We don’t necessarily see this part on TV, but they probably made a few mock-ups of the layout so they could pick the best one, and before that they had to pick out all the furniture and décor, and before that they had to measure to see what size pieces they would need, and before that they installed the flooring, and before that they bought the flooring, and before that...
You can see what I’m saying and how each piece of the puzzle is essential for the next one to fall in place. They fit on top of each other nicely and neatly and there are no gaps. That is another benefit of using an approach that works backwards. You are a lot less likely to forget a necessary step in the process of reaching your goal.
Imagine if those HGTV contractors forgot a major step. Like the foreman knew the hardwood was going to take two weeks to arrive, but he forgot to order it and now the crew can’t install the cabinets or appliances on time and the whole project is derailed. Had he worked from an action plan, it's unlikely this mistake would have happened.
Applying This to Your Practice
So now that we've all fantasized about our dream homes for the last 15 minutes, how can we take this principle and apply it to growing our practices?
First, we need to get really clear on where it is we want to go. Spend some time visualizing exactly where you want to be client-wise in 12 months time. Make the picture so clear in your mind that you begin to believe it's actually happening. It can help to bring in your other senses and imagine what you might hear, smell, and feel emotionally if this was your reality.
Next, ask yourself these three hypothetical questions
- What choices did I have to make to get here?
- What factors went into these choices?
- What obstacles did I have to overcome to get here?
The answers to these questions will help you brainstorm all of the possible routes to your end goal. You can then pick the path that best suits your needs and your goals. If you continue on the path you'll ultimately end up at the beginning where you're currently waiting to get started.
The key here though is to be as specific as possible. The more specific, the more clearly defined your path will become. Vague answers will only give you vague directions. Kinda like the old guy at the gas station that tells you to turn left up at the mountain that sorta looks like a thumb... no street names and no mile markers.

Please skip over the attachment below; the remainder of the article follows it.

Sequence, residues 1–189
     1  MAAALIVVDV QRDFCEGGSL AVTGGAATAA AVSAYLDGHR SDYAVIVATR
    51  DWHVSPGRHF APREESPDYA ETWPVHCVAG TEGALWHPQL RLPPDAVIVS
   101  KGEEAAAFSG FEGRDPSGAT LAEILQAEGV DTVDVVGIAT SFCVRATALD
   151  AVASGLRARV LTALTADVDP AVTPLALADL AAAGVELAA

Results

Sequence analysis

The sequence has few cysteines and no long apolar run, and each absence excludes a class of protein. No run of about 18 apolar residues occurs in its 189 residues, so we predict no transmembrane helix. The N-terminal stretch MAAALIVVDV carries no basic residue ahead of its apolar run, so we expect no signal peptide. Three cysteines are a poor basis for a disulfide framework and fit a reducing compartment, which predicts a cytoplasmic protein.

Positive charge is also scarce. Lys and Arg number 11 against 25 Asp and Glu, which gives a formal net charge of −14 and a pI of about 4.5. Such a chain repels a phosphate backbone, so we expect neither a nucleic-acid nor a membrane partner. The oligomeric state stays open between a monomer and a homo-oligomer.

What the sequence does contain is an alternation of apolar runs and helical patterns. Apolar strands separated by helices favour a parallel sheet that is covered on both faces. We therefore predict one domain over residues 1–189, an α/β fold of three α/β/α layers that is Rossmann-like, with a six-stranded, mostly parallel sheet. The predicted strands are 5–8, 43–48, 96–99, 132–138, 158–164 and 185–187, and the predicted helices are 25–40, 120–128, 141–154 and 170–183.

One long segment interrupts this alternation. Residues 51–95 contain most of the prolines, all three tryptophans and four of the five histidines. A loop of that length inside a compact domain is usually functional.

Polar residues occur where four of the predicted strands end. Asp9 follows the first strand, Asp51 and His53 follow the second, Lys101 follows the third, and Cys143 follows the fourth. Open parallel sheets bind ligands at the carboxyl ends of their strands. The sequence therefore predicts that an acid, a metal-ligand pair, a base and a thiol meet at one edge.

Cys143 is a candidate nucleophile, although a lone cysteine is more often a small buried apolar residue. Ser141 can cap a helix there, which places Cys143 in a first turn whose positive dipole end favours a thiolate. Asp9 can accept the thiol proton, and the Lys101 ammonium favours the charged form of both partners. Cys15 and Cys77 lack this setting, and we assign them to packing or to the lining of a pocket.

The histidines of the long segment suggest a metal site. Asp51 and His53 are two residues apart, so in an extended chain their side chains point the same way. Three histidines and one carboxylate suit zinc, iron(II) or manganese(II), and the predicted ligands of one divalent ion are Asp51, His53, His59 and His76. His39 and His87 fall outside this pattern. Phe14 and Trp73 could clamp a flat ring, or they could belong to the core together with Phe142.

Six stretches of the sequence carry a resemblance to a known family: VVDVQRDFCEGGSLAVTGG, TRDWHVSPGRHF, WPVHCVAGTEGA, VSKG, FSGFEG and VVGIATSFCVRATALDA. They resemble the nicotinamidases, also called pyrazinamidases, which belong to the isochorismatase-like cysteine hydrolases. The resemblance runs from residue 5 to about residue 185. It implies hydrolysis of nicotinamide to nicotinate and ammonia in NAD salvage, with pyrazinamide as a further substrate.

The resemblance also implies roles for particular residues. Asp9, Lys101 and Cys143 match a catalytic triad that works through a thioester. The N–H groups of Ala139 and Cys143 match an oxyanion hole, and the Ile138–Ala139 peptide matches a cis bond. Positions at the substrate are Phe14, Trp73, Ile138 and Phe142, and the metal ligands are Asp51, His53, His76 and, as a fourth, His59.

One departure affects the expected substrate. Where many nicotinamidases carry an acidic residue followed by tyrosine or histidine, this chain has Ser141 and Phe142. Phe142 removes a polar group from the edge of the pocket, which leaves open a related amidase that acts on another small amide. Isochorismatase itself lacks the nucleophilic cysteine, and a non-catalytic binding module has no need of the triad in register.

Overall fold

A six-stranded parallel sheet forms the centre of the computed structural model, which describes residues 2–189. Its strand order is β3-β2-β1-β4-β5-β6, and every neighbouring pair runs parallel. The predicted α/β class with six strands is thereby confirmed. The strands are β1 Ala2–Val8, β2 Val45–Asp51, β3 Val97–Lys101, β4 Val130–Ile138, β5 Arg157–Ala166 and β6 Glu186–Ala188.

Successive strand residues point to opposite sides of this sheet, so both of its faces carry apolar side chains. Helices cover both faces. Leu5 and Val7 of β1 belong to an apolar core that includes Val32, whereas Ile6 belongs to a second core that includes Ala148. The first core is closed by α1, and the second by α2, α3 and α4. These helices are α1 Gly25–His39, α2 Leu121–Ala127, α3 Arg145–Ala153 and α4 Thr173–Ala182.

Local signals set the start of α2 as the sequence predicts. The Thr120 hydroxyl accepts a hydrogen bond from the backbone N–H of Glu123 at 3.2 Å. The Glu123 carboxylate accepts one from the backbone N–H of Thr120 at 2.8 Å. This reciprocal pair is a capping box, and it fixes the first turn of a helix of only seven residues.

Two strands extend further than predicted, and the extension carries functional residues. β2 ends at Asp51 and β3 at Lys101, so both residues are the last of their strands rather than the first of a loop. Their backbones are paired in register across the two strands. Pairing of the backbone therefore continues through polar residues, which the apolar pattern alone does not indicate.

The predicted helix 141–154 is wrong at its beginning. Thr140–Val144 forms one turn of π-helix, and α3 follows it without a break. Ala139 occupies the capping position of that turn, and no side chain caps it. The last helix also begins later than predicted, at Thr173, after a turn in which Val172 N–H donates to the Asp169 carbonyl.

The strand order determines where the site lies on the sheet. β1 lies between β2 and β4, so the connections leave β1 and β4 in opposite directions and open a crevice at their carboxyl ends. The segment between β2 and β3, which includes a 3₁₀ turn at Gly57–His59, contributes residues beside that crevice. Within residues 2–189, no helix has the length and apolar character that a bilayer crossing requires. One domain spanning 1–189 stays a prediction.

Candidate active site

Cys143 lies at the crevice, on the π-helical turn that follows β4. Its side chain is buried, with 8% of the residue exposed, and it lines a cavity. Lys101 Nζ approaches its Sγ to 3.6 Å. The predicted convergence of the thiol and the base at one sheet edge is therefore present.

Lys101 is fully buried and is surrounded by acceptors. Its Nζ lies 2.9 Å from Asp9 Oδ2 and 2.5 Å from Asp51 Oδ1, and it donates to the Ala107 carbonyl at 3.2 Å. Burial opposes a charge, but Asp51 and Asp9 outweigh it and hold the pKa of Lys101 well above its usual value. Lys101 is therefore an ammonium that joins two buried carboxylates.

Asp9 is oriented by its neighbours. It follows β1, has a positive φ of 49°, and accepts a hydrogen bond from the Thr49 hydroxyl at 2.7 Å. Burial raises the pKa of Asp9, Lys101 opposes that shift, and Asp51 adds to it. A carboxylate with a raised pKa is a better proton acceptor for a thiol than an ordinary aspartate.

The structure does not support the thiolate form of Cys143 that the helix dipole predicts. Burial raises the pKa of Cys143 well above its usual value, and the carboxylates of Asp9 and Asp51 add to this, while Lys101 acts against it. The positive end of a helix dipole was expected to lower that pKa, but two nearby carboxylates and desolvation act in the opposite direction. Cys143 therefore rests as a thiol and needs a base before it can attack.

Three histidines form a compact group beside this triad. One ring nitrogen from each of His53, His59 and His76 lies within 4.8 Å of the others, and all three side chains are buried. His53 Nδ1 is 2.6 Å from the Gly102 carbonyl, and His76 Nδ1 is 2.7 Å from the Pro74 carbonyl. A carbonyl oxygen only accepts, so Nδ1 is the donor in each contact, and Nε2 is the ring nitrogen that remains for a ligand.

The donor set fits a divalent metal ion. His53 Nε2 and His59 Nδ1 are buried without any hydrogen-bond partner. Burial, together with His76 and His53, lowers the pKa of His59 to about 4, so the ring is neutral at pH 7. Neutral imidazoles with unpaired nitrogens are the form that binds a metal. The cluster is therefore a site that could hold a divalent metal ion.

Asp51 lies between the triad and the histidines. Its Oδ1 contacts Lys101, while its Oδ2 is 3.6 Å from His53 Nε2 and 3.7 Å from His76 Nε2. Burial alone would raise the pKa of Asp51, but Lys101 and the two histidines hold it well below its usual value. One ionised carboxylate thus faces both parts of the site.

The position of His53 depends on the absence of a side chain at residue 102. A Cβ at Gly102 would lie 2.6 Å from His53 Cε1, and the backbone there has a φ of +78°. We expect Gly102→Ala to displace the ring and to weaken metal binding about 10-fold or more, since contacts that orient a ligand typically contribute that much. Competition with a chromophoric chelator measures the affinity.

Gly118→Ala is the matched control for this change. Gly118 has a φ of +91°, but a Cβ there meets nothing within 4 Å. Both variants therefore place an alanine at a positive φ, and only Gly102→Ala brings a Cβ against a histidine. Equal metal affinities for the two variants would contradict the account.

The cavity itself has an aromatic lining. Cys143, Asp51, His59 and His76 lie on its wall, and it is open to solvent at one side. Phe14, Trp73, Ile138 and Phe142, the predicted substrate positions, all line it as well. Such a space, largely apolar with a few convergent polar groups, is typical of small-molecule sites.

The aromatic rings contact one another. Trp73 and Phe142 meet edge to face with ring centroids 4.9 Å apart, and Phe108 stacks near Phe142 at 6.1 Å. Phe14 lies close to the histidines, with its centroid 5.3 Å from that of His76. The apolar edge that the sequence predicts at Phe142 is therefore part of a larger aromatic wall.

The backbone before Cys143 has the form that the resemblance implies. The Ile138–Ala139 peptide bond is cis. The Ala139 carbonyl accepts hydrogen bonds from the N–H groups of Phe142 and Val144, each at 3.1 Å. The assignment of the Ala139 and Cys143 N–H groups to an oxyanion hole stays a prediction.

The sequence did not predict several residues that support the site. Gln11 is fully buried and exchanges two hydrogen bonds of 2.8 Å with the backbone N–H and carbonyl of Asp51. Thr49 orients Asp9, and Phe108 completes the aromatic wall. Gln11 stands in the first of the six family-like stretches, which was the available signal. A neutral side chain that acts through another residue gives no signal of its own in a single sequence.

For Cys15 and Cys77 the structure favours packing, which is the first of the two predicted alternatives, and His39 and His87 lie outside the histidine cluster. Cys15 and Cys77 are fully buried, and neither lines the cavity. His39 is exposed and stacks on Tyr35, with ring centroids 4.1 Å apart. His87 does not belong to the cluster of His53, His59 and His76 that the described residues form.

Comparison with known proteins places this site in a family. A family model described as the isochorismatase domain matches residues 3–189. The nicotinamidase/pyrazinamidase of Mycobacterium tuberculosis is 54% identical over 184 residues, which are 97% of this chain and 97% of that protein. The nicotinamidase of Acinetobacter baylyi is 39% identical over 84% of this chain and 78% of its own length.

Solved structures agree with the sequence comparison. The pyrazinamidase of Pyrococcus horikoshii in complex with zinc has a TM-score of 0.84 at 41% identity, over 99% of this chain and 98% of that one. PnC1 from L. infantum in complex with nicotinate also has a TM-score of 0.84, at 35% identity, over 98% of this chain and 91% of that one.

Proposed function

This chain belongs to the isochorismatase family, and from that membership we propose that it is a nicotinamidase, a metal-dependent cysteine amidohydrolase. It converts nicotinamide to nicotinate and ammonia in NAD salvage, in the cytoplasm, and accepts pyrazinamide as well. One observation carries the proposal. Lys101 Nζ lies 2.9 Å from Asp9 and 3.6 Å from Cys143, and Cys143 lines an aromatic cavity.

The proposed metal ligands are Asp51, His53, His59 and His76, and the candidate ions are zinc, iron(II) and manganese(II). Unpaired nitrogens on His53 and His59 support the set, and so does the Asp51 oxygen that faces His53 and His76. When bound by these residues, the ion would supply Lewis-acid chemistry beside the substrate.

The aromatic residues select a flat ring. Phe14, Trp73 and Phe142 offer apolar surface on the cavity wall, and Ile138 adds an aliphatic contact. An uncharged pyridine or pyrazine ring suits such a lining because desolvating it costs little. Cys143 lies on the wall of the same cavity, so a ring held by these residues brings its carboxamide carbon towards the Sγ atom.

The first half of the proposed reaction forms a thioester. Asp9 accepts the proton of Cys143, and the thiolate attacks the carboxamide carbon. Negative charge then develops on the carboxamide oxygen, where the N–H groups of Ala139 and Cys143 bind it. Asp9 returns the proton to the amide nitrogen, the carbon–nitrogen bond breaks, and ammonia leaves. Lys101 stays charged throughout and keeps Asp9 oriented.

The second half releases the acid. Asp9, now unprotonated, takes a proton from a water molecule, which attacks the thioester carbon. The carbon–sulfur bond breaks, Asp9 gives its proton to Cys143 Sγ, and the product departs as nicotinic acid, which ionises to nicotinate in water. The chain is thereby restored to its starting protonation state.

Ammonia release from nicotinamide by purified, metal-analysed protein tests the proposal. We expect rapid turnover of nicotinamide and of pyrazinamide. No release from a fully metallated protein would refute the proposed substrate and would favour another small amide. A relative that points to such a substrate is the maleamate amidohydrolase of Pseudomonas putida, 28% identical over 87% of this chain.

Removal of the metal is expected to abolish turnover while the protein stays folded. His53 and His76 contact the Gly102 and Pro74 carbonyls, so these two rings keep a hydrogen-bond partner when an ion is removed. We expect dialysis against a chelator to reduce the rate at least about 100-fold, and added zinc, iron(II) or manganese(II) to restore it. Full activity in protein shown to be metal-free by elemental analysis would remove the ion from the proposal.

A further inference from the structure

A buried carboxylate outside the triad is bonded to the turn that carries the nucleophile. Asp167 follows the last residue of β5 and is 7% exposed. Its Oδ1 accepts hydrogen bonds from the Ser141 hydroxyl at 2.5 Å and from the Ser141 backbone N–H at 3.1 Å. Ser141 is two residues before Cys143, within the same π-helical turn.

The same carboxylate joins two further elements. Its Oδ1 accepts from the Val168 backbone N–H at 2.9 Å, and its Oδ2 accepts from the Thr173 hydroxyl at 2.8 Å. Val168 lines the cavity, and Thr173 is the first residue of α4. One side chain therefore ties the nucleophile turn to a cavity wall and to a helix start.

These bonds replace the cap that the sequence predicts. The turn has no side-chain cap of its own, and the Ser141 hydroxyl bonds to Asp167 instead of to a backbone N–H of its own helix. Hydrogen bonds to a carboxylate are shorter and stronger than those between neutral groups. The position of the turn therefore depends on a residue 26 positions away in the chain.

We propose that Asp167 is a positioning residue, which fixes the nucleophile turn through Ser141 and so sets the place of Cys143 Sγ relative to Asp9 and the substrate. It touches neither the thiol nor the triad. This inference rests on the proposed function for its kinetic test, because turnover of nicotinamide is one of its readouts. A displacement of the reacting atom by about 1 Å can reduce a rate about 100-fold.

So don't try to go backwards from 10... 9... 8, go from 10... 9.9... 9.8... and you'll see results.
The whole concept is like a funnel that forces you downward from your biggest dream to where you are in this exact moment.
Maybe you see couples and you want to expand into retreats and workshops. Or maybe you are ready to fill your first group. Regardless, of your business model, you can create an action plan to cut through the overwhelm and knew exactly where to start to grow your practice.
Let's pretend that your ultimate goal in 12 months is to have a full individual caseload and bring on your first contractor. To you this means expanding beyond what you're capable of by yourself.
Some of the things you would have had to figure out were:
- How many clients you need to be full
- The final fee of your sessions
- The cost of hiring on an associate
- The amount of time your new hire will work
- Where to find additional clients to fill your associate's schedule
You can see that by reverse planning from your ultimate goal you can get closer and closer to the beginning and figure out the exact directions you need to take to get there.
This is often a huge turning point in my work with clinicians. This is the exact place when they have their ah-ha moments. When they realize that their dreams really are possible and that they have exactly what it takes to make them happen. And that’s exactly what I want for you.
I'd love to know more about your private practice goals and what reverse planning your strategy would look like for you.